Guess I am just jealous:-) I just need to save those articles that are periodically published showing how much the AVERAGE 50 year old has saved for retirement, to remind myself that I am doing OK.
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Originally Posted by travelover View Post
My sister went through a horse phase when her daughters were young and I was astounded at the total costs associated with horse ownership. It made a large power boat or a small plane look thrifty.

I guess you need to decide if you will be working longer to support your wife's spending and how you each feel about that.
That's crazy.
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Old 04-26-2013, 02:12 PM   #29
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I used to pat myself on the back for putting 15%+ away each year, but on this site it seems like most sock away 25% +.....there is just no way to do that on just over $100,000 a year, with a wife that likes horses, among other things.
If you are saving at all you are ahead of most folks! and 15% is a good number. Remember this is an ER forum with a small number or ER/investing/frugality nerds......we are NOT NORMAL. and in fact neither are you, that 15% makes you pretty special.

Controlling spending is important, but you have to balance that against quality of life. Have you considered downsizing......instead of horses what about Shetland ponies
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Old 04-26-2013, 02:16 PM   #30
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I agree with others that most who frequent this forum are outliers and that 15% is a good savings rate at your income level. I think the bigger problem for you is those darn hayburners - outrageously expensive hobby.
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Old 04-26-2013, 02:36 PM   #31
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Now now now, feeling better?
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Old 04-26-2013, 02:49 PM   #32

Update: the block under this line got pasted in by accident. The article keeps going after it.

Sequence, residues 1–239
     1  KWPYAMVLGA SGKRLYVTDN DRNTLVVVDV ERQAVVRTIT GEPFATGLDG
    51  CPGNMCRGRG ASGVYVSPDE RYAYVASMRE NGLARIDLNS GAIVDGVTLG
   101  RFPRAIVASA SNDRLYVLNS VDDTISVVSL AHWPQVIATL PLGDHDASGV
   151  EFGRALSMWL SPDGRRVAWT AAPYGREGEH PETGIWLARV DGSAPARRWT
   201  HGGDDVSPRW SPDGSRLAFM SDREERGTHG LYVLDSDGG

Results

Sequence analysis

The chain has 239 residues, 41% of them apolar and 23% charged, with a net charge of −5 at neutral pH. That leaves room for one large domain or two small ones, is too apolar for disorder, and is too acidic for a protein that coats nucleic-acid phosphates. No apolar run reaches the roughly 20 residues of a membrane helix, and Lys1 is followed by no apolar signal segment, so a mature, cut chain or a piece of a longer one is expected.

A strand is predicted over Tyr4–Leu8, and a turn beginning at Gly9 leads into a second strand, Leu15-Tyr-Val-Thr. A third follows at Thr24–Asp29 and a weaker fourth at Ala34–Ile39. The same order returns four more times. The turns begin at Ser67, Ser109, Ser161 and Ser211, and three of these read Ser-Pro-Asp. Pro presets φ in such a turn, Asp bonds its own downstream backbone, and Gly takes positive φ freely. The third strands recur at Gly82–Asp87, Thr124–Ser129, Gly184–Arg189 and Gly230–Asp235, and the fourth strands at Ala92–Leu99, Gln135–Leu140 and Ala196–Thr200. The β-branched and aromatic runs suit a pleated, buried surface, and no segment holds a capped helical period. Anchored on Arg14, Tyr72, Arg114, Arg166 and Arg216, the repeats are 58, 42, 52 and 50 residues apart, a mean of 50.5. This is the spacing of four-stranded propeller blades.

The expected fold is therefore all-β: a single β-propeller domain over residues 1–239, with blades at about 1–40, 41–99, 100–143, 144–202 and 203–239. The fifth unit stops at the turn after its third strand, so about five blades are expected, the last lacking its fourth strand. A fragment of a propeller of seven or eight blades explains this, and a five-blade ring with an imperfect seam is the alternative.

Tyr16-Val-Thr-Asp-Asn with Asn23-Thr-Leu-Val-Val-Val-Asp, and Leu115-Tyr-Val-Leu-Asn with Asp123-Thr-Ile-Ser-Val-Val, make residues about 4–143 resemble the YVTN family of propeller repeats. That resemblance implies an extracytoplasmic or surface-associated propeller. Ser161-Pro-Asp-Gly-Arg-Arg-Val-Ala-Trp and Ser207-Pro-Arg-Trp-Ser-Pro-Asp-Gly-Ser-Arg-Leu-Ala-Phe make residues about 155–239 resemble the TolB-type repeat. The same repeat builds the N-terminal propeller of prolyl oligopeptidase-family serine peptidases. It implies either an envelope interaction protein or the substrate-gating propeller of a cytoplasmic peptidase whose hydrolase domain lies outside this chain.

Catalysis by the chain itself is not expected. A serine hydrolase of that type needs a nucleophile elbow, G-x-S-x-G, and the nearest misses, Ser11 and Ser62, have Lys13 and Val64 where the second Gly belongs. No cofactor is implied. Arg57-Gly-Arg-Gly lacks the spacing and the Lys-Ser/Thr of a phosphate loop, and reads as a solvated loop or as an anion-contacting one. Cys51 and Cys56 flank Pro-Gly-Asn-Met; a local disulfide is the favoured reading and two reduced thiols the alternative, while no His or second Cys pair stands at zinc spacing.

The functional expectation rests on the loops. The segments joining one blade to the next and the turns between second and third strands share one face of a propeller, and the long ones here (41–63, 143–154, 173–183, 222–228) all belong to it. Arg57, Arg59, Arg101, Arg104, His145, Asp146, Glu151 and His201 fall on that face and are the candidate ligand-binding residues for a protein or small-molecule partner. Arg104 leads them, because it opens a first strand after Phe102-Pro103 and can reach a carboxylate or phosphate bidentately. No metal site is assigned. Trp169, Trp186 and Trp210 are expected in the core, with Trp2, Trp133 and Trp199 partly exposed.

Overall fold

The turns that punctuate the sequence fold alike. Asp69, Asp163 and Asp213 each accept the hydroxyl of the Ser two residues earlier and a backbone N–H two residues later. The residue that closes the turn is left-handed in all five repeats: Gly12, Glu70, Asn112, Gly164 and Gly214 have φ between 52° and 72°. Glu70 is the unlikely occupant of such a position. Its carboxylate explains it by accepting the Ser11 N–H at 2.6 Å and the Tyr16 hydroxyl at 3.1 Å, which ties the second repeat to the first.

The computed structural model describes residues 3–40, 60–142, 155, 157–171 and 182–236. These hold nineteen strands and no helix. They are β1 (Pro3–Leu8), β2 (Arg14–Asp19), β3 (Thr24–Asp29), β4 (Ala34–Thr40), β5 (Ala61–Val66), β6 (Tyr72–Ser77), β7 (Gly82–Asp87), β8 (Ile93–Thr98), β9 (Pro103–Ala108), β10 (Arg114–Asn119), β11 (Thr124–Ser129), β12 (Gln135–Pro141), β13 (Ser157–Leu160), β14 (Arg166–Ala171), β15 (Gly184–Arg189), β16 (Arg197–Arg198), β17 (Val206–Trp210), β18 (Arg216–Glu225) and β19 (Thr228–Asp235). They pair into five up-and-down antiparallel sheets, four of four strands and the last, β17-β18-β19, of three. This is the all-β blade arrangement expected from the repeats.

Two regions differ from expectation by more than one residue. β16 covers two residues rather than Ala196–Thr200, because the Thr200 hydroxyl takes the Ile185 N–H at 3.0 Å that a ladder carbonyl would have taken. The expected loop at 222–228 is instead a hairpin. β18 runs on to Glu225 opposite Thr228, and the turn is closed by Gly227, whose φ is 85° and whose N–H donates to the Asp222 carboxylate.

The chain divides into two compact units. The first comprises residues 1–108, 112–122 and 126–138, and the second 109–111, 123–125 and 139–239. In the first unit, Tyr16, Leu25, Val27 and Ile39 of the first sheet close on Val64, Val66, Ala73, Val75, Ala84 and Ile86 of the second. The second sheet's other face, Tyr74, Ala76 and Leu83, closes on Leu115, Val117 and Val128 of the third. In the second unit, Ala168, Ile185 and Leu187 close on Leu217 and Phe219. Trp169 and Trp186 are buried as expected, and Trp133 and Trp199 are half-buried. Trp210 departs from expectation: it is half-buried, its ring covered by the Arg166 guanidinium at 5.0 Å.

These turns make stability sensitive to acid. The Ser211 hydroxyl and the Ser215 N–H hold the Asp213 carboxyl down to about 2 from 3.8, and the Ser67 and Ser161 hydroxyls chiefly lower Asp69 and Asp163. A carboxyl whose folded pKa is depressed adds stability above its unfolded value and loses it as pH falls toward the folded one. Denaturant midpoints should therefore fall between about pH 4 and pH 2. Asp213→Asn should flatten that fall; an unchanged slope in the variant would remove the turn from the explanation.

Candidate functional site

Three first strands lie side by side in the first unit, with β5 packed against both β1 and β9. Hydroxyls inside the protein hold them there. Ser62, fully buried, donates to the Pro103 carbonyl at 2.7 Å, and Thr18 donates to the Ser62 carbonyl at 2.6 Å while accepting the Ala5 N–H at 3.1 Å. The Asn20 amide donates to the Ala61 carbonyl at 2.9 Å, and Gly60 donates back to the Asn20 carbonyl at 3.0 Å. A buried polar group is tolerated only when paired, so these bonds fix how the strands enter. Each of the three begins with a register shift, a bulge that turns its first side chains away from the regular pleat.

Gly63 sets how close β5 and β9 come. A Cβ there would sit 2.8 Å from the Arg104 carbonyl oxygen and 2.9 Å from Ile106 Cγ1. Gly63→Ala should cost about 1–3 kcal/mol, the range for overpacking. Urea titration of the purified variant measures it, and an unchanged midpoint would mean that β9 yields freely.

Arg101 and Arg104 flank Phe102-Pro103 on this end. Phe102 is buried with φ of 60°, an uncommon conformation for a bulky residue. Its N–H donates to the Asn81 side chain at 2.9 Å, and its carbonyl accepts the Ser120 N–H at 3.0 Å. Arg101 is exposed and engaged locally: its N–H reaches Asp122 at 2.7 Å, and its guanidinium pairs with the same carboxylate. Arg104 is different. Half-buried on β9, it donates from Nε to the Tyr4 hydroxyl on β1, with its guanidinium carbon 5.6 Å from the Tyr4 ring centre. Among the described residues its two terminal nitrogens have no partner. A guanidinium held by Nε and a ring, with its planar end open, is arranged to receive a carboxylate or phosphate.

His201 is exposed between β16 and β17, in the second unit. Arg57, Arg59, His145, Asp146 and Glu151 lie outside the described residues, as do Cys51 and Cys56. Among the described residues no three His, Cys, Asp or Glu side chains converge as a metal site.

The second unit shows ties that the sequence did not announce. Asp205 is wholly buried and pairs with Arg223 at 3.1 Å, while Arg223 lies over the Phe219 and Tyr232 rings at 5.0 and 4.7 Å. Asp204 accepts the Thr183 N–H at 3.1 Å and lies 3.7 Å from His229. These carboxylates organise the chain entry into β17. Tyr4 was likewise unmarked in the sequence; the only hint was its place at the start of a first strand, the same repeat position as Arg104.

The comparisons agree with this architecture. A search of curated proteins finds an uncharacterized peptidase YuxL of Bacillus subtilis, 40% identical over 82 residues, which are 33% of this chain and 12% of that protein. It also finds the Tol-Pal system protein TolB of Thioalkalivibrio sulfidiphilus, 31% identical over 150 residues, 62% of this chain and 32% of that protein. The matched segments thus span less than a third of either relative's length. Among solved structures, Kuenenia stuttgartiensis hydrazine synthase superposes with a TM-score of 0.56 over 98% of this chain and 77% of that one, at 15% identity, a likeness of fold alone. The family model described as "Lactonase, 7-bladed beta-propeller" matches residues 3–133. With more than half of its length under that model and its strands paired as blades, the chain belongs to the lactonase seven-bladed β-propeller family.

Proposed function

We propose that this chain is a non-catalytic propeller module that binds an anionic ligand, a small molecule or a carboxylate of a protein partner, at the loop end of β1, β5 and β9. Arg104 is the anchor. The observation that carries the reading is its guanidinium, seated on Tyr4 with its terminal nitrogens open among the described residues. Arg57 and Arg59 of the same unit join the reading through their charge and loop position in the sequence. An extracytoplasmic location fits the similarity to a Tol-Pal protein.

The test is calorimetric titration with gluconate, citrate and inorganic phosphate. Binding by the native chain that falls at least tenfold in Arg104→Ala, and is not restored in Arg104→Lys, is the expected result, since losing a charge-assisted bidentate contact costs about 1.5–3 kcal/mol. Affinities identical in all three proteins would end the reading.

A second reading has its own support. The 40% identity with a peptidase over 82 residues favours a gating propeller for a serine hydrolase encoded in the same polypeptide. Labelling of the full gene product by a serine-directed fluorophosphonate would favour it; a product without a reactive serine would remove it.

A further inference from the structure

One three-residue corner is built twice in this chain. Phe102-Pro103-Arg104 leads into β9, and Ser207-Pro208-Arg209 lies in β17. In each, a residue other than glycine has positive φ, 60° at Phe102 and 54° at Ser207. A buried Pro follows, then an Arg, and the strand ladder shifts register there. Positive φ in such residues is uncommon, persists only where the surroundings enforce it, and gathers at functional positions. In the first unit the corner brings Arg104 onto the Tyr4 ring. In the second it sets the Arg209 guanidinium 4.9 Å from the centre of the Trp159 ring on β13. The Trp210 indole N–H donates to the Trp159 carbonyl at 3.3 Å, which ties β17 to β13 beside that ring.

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Yes, I believe I am.

I am still chuckling about the suggestion from someone to downsize the horses to shetland ponies....too funny.

All my worry may be for nothing....as this weekend I agreed to join my wife on a competitive trail ride which could possibly result in her receiving a life insurance windfall
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Old 04-26-2013, 07:01 PM   #33
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No need to be jealous. Many of us have delayed gratification for decades. Keep healthy, enjoy happy family relationships, do something you like for your job, and you will be far ahead.
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Originally Posted by Sniggle View Post

Guess I am just jealous:-) I just need to save those articles that are periodically published showing how much the AVERAGE 50 year old has saved for retirement, to remind myself that I am doing OK.
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Old 04-26-2013, 08:00 PM   #34
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Ha, I alternate between depression and inspiration depending on my mood but to be serious this place is ultimately a great motivator for me. I thought I was doing fairly well just plodding along when I compared myself to my peers/family etc. but finding ER.org and BH really opened my eyes before it was too late. Coming here helps keep me focused on the goal and that definitely outweighs my occasional feeling of being a slacker.
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Old 04-27-2013, 02:30 AM   #35
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Slow and steady really does win the race. Keep plugging along. It WILL get there.
I wish I had found this site at age 49; I could have prepared for ER in a much more enlightened manner. Instead, I was working like a maniac, helping DH raise a son with a brain disorder, and just cramming 401K contributions into the MM fund (after 2008) because I had no time to research better options offered there. This site would have educated and inspired me, plus offered practical direction.

So, I hope the OP does not get discouraged. He can plan and save, while benefiting from the collective wisdom here.
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Old 04-27-2013, 04:34 AM   #36
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One of the best pieces of advice I received from my father, my high school football coach, and my first boss at Megacorp (they never knew each other but thought along the same lines) was this: "always have a good number of (of course not exclusively) friends and acquaintances who have accomplished more or done better than you have. Do not be jealous of them, but see what you can learn from them and apply towards your life to achieve a similar goal".